Optimal Governance for Pooled Procurement

The governance of pooled procurement mechanisms is critical to their effectiveness. Optimal governance arrangements could include a mix of global health bodies, national governments, and potentially private sector stakeholders. Key considerations should include:

  • Transparency: Decision-making processes should be transparent to ensure accountability and trust among participating entities. Transparency is also key to attracting and maintaining a broad base of participants, which is essential for achieving economies of scale.
  • Equitable representation: Governance arrangements should ensure that all participants, irrespective of their size or purchasing power, have a say in decision-making processes. This can help to prevent inequities and ensure that the needs of all participants are considered.
  • Expertise:The governance structure should include individuals or entities with the necessary technical and sector-specific knowledge. This could involve expertise in procurement, legal matters, health systems, pharmaceuticals, logistics, and more. This is crucial for making informed decisions and managing complex procurement processes effectively.

Conflict of Interest Management: It’s essential to have mechanisms in place to identify, declare, and manage potential conflicts of interest. This will maintain the integrity of the procurement process and prevent undue influence or bias in decision-making.

Efficiency: An optimal governance structure should promote efficiency in all its operations. This includes swift decision-making, minimizing administrative costs, and ensuring timely delivery of procured items. Efficiency can help maximize the value obtained from pooled resources and can be crucial in scenarios where timing is vital, such as in health emergencies.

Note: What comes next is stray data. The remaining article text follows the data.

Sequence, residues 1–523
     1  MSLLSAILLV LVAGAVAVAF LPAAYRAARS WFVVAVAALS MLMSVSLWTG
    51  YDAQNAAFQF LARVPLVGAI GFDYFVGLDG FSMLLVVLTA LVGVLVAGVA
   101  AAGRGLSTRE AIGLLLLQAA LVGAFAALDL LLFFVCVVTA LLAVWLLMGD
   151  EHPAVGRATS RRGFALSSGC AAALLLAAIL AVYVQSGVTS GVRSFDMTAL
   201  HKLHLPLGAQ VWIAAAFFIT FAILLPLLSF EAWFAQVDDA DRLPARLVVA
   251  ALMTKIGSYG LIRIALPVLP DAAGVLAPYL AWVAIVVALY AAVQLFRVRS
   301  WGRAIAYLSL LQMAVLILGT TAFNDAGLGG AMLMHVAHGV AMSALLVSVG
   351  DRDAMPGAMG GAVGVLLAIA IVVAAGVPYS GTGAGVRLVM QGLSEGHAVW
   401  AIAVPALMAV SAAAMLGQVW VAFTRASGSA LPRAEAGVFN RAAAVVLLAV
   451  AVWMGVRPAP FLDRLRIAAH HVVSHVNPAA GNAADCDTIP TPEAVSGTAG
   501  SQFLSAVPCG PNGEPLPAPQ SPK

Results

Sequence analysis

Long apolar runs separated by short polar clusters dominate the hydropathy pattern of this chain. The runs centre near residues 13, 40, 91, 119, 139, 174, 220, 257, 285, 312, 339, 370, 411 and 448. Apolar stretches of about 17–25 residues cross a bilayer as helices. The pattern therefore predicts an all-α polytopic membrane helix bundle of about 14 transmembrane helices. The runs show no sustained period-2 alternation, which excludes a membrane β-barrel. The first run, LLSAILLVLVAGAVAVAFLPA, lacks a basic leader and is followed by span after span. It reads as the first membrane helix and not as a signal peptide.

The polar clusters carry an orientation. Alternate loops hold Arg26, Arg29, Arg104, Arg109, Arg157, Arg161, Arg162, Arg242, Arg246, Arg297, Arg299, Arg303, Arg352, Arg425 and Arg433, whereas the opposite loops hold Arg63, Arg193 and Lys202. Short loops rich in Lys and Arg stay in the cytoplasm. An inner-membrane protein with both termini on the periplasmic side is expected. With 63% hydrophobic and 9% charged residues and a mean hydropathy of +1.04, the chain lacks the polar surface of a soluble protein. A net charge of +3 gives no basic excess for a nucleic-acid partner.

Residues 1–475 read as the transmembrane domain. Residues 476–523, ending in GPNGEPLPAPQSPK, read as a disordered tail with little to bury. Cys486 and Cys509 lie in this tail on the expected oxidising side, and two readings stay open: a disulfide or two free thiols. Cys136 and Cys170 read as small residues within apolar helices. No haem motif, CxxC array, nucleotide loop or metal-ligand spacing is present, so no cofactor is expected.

Risk Management: A robust risk management framework should be integrated into the governance structure. This would involve identifying potential risks, assessing their potential impact, and establishing mitigation strategies. Risks could include supply chain disruptions, price volatility, or changes in demand for certain goods or services.

Collaboration and Partnership: The governance should foster a collaborative environment where participants feel their interests are being addressed. It should also promote partnerships with other entities that can bring in additional expertise, funding, or other resources.

Stability and Continuity: The governance structure should ensure stability and continuity, even in the face of changes in leadership or membership. This might involve having staggered terms for leadership positions, succession plans, and institutional memory preservation strategies.

Monitoring and Evaluation: Regular monitoring and evaluation should be built into the governance structure to assess the performance and impact of the pooled procurement mechanism. This can provide valuable feedback for continuous improvement and ensure the mechanism is delivering on its intended goals.

By considering these factors, a pooled procurement mechanism can have a governance structure that is robust, transparent, and effective in managing pooled resources to the benefit of all participants.